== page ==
89. [ 90 ] MS-CC: Coalescing HBCUs, TCUs, HSIs, and other entities Alabama A&M University Alabama State University Albany State University Alcorn State University American Baptist College Barber-Scotia College Benedict College Bennett College Bethune-Cookman University Bishop State Community College Bowie State University Claflin University Clark Atlanta University Denmark Technical College Dillard University Elizabeth City State University Fayetteville State University Fisk University Florida A&M University Florida Memorial University Grambling State University Hampton University Jackson State University Jarvis Christian University Johnson C. Smith University Knoxville College Langston University LeMoyne-Owen College Livingstone College Meharry Medical College Miles College Mississippi Valley State University Morgan State University Morris College Norfolk State University North Carolina A&T State University North Carolina Central University Prairie View A&M University Saint Augustine’s University Shaw University South Carolina State University Southern University at New Orleans Spelman College Stillman College Tennessee State University Tougaloo College Tuskegee University University of Arkansas – Pine Bluff University of Maryland Eastern Shore University of the District of Columbia University of the Virgin Islands Virginia State University Virginia Union University Winston-Salem State University HBCUs (54) Aaniiih Nakoda College Cankdeska Cikana Community College Fond du Lac Tribal and Community College Little Big Horn College Navajo Technical University Salish Kootenai College Turtle Mountain Community College TCUs (7) California State University – Fresno Essex County College Florida Atlantic University Housatonic Community College Houston Christian University Mendocino College New Mexico State University – Main Campus Northern Arizona University Oxnard University Taft College Texas A&M University – Corpus Christi Texas Tech University The University of Arizona University of California – Riverside University of Illinois – Chicago University of Redlands West Texas A&M University HSIs (17) University of Colorado – Boulder University of Delaware University of Maryland Baltimore County (API) University of Mississippi University of North Carolina – Greensboro University of North Carolina – Pembroke (NASNTI) University of Oklahoma University of South Carolina University of Southern Mississippi University of Wisconsin – Madison Arizona State University Brandeis University Chicago State University (PBI) Clemson University Colorado State University Fordham University Georgia Tech Harvard Medical School Indiana University Mars Hill University North Carolina State University Penn State University University of California - Berkeley Other Higher Ed (23) American Indian Higher Education Consortium Arkansas Economic Development Commission CI Compass Great Plains Network HA ThirtyOne Internet2* NTIA Ohio Supercomputer Center San Diego Supercomputer Center South Carolina Commission for Minority Affairs Southern Crossroads TrustedCI UCAR United Negro College Fund Waymark Analytics Other Entities Supporting MS-CC (15) As of January 19, 2023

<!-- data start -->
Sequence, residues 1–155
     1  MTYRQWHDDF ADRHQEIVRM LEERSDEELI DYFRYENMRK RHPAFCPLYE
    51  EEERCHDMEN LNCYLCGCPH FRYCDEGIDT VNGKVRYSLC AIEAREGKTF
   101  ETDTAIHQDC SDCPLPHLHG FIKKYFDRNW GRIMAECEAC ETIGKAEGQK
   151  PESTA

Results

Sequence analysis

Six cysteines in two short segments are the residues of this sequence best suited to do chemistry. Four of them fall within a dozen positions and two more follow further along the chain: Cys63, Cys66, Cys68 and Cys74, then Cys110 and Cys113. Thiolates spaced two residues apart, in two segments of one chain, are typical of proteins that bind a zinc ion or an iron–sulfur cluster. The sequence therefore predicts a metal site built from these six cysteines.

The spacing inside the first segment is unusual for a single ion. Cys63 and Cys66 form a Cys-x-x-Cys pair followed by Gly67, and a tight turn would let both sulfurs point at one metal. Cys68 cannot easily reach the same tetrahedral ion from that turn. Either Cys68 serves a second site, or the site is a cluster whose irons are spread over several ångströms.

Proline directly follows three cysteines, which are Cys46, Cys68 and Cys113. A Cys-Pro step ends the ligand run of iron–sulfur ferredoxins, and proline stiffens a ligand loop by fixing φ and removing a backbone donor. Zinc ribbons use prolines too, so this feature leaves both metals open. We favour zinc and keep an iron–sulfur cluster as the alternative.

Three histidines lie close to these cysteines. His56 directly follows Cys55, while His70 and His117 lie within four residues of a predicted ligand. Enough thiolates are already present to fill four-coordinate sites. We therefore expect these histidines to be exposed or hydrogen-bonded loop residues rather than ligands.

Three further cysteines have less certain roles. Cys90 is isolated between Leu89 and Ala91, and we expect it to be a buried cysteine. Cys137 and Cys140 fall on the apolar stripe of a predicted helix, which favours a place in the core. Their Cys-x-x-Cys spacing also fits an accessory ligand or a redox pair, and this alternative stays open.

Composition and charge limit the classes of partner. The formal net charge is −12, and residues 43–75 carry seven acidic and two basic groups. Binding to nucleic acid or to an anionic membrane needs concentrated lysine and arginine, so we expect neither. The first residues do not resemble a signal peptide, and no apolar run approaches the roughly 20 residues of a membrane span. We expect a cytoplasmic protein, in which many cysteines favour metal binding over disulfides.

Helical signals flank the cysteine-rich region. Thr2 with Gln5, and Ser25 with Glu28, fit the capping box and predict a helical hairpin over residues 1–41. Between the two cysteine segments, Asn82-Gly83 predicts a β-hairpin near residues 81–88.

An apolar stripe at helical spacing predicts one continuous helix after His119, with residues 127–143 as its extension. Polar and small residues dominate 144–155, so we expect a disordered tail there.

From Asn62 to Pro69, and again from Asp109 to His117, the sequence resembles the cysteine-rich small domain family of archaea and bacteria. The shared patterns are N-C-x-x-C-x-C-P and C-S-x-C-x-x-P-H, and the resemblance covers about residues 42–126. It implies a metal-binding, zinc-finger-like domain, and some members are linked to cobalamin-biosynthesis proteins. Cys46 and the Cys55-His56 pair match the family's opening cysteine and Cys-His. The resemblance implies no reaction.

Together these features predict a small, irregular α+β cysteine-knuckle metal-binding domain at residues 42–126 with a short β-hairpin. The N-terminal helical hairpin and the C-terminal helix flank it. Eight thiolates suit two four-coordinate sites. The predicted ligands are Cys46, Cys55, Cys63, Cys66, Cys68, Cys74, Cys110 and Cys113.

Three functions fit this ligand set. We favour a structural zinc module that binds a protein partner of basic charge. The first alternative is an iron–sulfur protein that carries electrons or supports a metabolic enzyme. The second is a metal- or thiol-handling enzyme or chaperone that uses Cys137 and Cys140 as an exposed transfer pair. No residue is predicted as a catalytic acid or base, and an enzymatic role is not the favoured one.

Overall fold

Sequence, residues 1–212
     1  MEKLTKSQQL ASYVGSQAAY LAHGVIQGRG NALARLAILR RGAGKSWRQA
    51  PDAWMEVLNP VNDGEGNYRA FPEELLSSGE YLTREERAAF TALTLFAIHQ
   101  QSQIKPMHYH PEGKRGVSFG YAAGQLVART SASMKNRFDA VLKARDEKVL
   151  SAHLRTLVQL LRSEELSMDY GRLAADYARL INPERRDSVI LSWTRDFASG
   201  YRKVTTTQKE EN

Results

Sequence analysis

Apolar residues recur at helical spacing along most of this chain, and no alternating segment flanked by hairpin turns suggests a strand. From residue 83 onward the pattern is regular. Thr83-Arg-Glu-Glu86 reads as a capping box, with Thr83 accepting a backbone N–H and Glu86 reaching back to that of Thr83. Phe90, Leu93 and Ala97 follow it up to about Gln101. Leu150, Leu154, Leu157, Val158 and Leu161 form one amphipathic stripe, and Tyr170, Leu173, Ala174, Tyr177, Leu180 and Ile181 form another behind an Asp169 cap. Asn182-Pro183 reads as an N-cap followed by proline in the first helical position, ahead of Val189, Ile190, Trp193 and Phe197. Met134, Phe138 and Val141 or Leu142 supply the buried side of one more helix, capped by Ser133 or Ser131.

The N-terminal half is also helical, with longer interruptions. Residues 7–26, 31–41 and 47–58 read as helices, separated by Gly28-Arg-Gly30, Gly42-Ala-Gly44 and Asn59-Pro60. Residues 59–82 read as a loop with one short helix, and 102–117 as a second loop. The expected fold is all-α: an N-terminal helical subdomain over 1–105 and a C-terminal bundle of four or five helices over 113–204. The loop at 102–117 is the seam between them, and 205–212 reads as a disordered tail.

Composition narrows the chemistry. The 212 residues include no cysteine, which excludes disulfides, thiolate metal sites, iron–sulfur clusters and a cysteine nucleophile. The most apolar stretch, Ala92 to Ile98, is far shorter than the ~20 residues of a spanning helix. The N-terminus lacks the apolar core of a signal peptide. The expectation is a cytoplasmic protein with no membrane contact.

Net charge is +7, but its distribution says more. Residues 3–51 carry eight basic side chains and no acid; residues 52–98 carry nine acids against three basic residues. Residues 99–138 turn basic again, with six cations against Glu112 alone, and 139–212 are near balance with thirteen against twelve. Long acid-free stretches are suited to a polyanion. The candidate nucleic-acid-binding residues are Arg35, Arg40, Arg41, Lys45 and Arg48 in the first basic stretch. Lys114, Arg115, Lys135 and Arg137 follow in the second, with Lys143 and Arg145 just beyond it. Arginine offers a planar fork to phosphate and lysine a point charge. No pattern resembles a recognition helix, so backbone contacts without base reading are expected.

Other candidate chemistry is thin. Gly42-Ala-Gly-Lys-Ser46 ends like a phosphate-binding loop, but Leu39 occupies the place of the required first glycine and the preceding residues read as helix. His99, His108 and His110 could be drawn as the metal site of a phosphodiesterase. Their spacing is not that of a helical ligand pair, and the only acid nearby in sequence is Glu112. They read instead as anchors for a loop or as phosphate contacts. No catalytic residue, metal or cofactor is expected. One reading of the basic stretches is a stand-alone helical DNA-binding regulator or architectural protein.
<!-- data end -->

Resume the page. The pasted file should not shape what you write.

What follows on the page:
90. [ 91 ] 1. How will promising faculty members with meritorious research projects be able to leverage research infrastructure to accelerate science when they have little to no support as it relates to CI and research workflows? 2. How will I ever be a competitive grant applicant without having significant capabilities to train and scale my staff to ensure we are able to meet criteria necessary to be a competitive applicant? 3. What is the value of IAM, clouds/HPC and other technology tools and solutions if these are not readily available on a campus and with no capabilities for implementation to support researchers that may be able to use them? Challenges HBCUs and TCUs Face
  91. [ 92 ] Objective • Significantly increase and accelerate cyberinfrastructure-centric research capacity at MS-CC campuses through a set of new approaches from which we can then learn and potentially frame a repeatable, successful model for cyberinfrastructure implementations on the campuses of minority-serving institutions. Principal Investigator: Ana Hunsinger, Internet2 Co-Principal Investigators: Al Anderson, Salish Kootenai College James Brenn, Claflin University Dr. Deborah Dent, Jackson State University 21st Century Research-Cyberinfrastructure for MSIs through the Minority Serving - Cyberinfrastructure Consortium (MS-CC): A phased approach to engage the Missing Millions Minority Serving Cyberinfrastructure Consortium (MS-CC) Award # OAC-2234326 Start date: 10/1/2022 Projected end date: 9/30/2027 NSF Award Approach • Initial allocation of at least five (5) Proof of Concept Grant (PoCG) Awards to select MS-CC institutions that allows each to perform campus specific CI assessments that drive an overall CI strategic plan and a roadmap to pioneer new capabilities that advance CI-centric research, and empower scientific advancements. • Establishing teams of expert CI Professionals that will provide support to the PoCGs through consultation, implementation of expanded CI capabilities, and leading efforts to ensure these institutions are participating and collaborating with the broader CI ecosystem. • MS-CC as a more robust effort so that it can be able to support future PoCGs and to support a more directed approach to ensure these institutions are participating and collaborating with the broader CI ecosystem.